Base Closings - a Sequel

Defense Secretary William Cohen and his team of planners have delivered their promised Quadrennial Review of the country's military needs, and reviews of the review are mixed. But there's one recommendation from this complex exercise that should not be controversial: Close more bases.

Mr. Cohen makes a convincing case that the military's infrastructure (read "bases") must be brought into line with the current size of the armed forces. He foresees the closure of another 50 bases, on top of the 97 already closed in recent years as military manpower and spending shrank from their peak in the mid to late 1980s. The size of the US military will continue to shrink under the new plan, with the proposed elimination of around 100,000 active and reserve forces.

The Pentagon correctly recommends that the dicey process of choosing which bases must go be put in the hands of a bipartisan commission. The commission's findings should be closely followed by Congress, which has the final say.

As a former senator, Cohen knows that "say" is never of one voice. The logic of base closings is usually lost on members of Congress, who know only that the bottom line is lost jobs in their home districts. But there's another, larger bottom line: sensible use of tax dollars.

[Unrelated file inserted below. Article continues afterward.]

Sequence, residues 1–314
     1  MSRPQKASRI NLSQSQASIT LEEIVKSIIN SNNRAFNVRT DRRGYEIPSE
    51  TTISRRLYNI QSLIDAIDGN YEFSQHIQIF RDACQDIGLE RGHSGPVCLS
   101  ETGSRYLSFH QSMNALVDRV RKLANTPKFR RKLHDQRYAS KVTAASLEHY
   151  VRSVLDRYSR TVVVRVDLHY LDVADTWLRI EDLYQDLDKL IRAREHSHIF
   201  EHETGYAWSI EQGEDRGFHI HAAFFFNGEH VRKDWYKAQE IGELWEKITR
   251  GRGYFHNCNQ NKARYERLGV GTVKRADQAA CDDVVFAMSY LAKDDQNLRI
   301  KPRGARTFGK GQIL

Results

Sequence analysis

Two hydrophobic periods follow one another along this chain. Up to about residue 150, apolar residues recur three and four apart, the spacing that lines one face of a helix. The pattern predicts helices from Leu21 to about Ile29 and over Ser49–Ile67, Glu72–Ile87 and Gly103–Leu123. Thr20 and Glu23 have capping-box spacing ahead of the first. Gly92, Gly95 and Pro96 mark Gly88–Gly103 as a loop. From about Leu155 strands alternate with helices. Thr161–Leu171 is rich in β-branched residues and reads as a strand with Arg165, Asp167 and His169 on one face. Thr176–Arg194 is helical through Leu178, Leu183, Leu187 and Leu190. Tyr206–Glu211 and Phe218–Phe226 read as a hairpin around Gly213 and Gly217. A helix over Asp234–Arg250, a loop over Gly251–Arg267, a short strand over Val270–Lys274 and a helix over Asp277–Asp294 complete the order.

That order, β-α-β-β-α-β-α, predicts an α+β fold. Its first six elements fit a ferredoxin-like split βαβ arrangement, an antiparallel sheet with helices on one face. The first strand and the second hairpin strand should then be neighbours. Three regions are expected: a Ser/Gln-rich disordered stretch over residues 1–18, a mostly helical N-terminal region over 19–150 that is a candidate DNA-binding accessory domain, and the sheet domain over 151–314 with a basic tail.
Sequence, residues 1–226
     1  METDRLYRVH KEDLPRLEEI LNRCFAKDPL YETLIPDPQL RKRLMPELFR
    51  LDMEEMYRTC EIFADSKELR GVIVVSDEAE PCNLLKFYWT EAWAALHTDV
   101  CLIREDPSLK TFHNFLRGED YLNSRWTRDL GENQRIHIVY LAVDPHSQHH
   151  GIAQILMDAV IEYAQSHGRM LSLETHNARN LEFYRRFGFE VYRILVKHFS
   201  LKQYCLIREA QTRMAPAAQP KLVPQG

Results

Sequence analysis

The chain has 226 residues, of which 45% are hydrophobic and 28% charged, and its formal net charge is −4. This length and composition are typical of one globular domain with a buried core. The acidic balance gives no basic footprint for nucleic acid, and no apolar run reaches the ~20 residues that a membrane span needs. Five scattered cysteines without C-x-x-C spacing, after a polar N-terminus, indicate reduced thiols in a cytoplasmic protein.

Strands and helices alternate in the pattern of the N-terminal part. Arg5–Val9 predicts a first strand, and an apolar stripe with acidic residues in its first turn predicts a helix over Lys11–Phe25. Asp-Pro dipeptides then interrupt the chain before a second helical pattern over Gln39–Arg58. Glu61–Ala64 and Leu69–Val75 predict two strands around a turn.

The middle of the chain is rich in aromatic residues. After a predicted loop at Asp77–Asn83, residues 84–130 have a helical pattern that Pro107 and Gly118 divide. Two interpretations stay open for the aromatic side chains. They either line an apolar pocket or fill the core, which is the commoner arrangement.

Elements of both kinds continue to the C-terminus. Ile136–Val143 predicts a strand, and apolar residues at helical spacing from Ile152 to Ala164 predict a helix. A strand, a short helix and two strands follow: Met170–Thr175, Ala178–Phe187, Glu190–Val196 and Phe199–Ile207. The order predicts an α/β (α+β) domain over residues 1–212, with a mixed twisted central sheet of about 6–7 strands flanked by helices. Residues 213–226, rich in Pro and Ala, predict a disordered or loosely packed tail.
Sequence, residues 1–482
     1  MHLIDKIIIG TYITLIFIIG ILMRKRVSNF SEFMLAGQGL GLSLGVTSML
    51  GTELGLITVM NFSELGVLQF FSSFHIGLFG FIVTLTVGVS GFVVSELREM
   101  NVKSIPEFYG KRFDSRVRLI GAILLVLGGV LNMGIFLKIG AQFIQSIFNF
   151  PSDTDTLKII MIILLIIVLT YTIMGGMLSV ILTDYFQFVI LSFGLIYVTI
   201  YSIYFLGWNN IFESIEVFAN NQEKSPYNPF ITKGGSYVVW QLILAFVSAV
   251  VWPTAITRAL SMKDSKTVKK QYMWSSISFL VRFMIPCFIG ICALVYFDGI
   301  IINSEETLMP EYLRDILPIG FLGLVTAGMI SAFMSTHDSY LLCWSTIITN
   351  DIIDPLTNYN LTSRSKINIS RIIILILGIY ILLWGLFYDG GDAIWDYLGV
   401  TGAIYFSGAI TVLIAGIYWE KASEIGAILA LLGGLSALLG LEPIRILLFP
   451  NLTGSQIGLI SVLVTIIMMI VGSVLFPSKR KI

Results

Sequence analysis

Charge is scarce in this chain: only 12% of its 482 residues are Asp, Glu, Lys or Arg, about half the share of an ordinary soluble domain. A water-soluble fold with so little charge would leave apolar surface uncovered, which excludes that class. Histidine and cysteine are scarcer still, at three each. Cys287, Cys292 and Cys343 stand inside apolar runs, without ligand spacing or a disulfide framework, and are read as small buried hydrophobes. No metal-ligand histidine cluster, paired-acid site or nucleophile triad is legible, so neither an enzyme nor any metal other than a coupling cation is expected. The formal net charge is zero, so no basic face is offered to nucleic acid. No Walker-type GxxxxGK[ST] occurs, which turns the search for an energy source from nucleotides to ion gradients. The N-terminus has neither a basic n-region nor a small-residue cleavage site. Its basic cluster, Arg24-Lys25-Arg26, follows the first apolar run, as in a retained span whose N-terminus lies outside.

As Cohen emphasizes, something has to go to free up dollars for needed weapons modernization. Yes, there are other elements in Pentagon planning that could be squeezed - the ongoing, money-devouring development of three new jet fighters, for example, or perennial research funds for a missile-defense umbrella over the US.

Clearly, the priority for Cohen and the military brass is procurement of new weapons after years of reduced spending in that area. But their choices have to be measured against a hard-headed assessment of the defense challenges now facing the country. The goal of a force capable of fighting two major regional wars at once - retained in the Quadrennial Review - could entail more troops and firepower than budget plans, or actual needs, dictate. At the same time, the US remains committed to a major military presence in Europe and Asia, 100,000 troops on each continent.

Sorting out these commitments and priorities is the hard work ahead. Meanwhile, the straightforward task of closing unneeded bases ought to move forward.

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